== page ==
Wednesday, January 20, 2010

The Big Bad Budget

Today was a rocky beginning. I woke at 5:30 being punched in the face by tiny fists. My baby boy, despite fighting sleep until 8pm last night, was up early and was having none of my attempts to get him to sleep just a little bit longer.

"Mike." I shoved my husband. Another shove. He is a heavy sleeper. I heard a muffled sound that let me know he was slightly awake.

"I need you to wake up with the baby. I know you work late but I need you to wake up with the baby just this once so that every time I wake up with him in the morning from now on, I'll know that it's not forever and that someday I'll get to sleep again." I was panicky, my voice rising in the dark. "If you do, for just one hour, I'll let you come back to bed and sleep as long as you want." I would have promised him the world at that point, because at that moment I was convinced that my sanity depended on his coparenting.

Ender cooed, grabbing my face.  I gave Mike another shove.

"As long as I want?" I nodded ferociously.

"Yes yes. Sure." He said, stumbling out of bed and I let out a sigh of relief. "Wait. I have to go pick up the bed from my parent's today." All muscles that were relaxed tightened again. Mike works the afternoon shift, meaning he gets to sleep in. If he wakes up early, he needs a nap so that he won't fall asleep at the wheel of his forklift.

So, with much remorse, he returned to bed and I pulled myself up, with the tearful conclusion that I would never sleep again. After a cup of coffee of course, I returned to my senses. But still, life as a mom, with all that work stretching before me, seemingly without end, can be a daunting one. And I, when deprived of company, food and sleep, fall back to the same obsession: The Budget.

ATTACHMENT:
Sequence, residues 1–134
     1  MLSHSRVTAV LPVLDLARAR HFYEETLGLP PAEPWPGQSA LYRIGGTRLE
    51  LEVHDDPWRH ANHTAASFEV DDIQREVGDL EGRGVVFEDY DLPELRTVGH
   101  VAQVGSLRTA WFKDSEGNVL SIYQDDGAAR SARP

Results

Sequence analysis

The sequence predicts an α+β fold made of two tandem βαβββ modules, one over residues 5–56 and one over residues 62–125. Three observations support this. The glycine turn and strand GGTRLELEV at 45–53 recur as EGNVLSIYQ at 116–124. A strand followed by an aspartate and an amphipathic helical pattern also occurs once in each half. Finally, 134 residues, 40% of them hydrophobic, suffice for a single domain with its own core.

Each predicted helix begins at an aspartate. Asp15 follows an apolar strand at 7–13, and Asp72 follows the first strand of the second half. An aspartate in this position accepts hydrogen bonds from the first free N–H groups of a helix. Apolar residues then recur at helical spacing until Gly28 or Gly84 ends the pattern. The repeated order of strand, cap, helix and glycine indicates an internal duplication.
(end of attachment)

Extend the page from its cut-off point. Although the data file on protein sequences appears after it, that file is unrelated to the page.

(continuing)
The Budget has come and gone in our marital environment from day one. Being transient workers as we are, it is constantly changing. Our rent changes from year to year, our pay changes from month to month, and while we wouldn't have it any other way, it means it is easy to stop paying attention and overspend. It also means that every time we take a pay cut, I feel like I'm standing on the precipice of disaster. "You need to smoke less." I wheedle at Mike, picturing myself somehow cutting expenses by cooking large amounts of pasta and freezing it, or something. "Lentils!" I shout, as though this vegetarian war cry will save my bank account from its untimely overdraft.

The fact of the matter is, I haven't the first idea how to cut back expenses. I do know how to track expenses, which is usually sufficient to stop that inbetween money from disappearing. Ten dollars here and there really adds up, and I'm nothing if not an impulse spender. Occasionally we implement the 'jar system' which helps. But every time The Budget returns, I can't help but feel that I'm not doing enough. Surely there is some way to cook less expensively?! This is our largest money drain. So dear readers, I shall begin to blog, starting today, on my new journey with food. Cheap food. Hopefully still good food. No more duck pate, or creme anglais, no.

Tonight's project: Ground chicken with spaghetti squash. It is budget friendly because I bought it already. The goal: To spend no more than one hundred dollars a week on groceries.
The major offenders: Dairy in general. We go through approximately six litres of milk a week, one pint of cream, a bar of butter and two large sticks of cheese. Bread is expensive and Mike uses a lot for his lunches. If I could effectively bake my own (I've failed at four loaves in a row, in my breadmaker no less) then that would save some cash too.

I'm optimistic, and in a better mood than I was when I woke this morning. Proactivity always helps.

In other news, we are expecting a houseguest for the month. A friend of ours who is interning at CBC radio. I'm looking forward to the company!

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